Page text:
Imaging techniques may be necessary if there is tenderness over the spine or the patient's history indicates the possibility of a tumor or infection. Magnetic resonance imaging (MRI) is used to evaluate tissue, bone, muscles and nerves; computed tomography (CT) provides three-dimensional images of internal structures such as organs; and myelography and electromyelography inject contrast dyes into the spine to produce pictures of the spinal cord. Simple X-rays can be very useful in determining such conditions as osteoporosis and spondylolisthesis.

Other more advanced diagnostics -- thermography, diskography and electrophysiologic studies among them -- also are sometimes necessary.

Thermography converts measurements of body heat, increased by inflammation or infection, into visual signals that can be photographically recorded.

Diskography takes pictures of vertebrae in the spine following the injection of radiopaque chemicals that can withstand radiation and X-rays to identify areas producing pain.

Electrophysiologic studies examine the electrical aspects of body functions.

When no physical reason for the pain can be identified, treatment can be difficult to determine, necessitating a multidisciplinary approach to care. In addition, depression, stress or other psychological dysfunction should be treated at the same time.




Low Back Pain: Treatment [Algorithm]

Treatments for Chronic Low Back Pain

Treatment for chronic low back pain may last from a few weeks to several months, and usually takes a multimodality approach, in which several different therapies (drug, physical, interventional, complementary, psychological) are used in combination with one another. View the Flash presentation to learn more. click to view

Drug Therapy. Medications may include nonsteroidal anti-inflammatory drugs (NSAIDs), adjuvant analgesics (like antidepressants and anticonvulsants), and opioids. Long-term opioid therapy may be appropriate for carefully selected patients who can be monitored by their physicians and who can appropriately manage their medication.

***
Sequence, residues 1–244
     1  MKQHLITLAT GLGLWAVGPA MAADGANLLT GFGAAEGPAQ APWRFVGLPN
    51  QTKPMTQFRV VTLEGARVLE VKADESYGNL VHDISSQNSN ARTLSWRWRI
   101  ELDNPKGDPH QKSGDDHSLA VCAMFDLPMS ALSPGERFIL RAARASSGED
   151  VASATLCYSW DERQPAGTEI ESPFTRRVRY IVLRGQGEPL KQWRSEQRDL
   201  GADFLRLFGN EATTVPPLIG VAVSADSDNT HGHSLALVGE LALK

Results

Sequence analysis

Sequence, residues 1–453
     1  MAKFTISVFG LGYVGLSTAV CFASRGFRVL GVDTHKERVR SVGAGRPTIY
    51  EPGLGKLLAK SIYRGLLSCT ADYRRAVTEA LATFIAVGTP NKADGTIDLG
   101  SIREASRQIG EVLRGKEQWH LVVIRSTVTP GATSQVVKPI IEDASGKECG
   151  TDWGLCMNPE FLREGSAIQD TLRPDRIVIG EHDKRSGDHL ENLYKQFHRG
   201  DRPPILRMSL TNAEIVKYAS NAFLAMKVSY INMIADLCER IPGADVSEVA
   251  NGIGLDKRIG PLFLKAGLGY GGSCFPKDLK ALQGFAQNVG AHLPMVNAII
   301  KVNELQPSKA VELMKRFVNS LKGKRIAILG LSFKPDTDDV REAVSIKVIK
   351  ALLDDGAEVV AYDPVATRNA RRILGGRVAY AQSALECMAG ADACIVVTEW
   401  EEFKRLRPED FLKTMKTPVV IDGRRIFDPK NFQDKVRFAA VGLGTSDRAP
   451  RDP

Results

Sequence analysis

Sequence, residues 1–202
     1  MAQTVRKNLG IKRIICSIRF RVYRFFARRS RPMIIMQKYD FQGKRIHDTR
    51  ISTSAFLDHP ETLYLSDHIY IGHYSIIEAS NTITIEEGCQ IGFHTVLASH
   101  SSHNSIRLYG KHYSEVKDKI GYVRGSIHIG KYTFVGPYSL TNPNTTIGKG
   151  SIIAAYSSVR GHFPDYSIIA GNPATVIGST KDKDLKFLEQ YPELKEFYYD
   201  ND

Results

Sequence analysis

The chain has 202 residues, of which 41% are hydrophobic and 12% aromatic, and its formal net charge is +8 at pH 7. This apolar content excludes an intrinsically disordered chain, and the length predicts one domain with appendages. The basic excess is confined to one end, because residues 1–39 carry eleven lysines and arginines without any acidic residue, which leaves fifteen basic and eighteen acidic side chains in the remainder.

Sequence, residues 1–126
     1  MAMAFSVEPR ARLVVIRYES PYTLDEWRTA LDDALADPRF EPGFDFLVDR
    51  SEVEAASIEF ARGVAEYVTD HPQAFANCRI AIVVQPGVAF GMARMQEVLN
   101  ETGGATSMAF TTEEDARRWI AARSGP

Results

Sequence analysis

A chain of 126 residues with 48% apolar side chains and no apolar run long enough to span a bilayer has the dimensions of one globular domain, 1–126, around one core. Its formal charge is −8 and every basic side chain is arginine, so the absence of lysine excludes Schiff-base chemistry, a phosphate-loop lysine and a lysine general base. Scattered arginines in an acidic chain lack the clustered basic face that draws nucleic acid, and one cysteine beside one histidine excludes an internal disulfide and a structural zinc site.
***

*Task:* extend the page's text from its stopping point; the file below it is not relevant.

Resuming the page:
Physical Therapy. Walking, swimming or cycling on a stationary bike can provide general conditioning and help strengthen weakened muscles while minimizing the stress on the spine. Therapy is tailored to the patient, with gradual increases in duration.

Interventional Therapy. One way to alleviate chronic low back pain is to block or numb pain pathways. This is accomplished through a variety of invasive treatments, including epidural steroids, injections, joint and nerve blocks and analgesic pump devices.

Complementary Therapy. Used in combination with analgesic treatments, complementary therapy incorporates a wide range of practices that are thought to prompt the body's release of pain-relieving substances. They include acupuncture, massage, meditation, herbal remedies, chiropractics and hot and cold packs. Visit our Low Back Pain pages on HealingChronicPain.org to learn more about state-of-the-art therapies.

Psychological Therapy. Some patients can benefit from counseling (single or group). Employee assistance programs, located at the job site, and often free of charge, can also help.

Some patients with chronic lower back pain may require surgery as a final alternative. And, for some patients who are particularly disabled, a formal program administered by a multidisciplinary pain center may be best.




Low Back Pain Websites

Diagnosis and Treatment of Low Back Pain: Clinical Guidelines - Annals of Internal Medicine (.pdf)

Diagnosis and Treatment of Low Back Pain: Patient Summary - Annals of Internal Medicine (.pdf)

Low Back Pain Fact Sheet - National Institute of Neurological Disorders and Stroke (NINDS)

Medline Plus: Back Pain - National Institutes of Health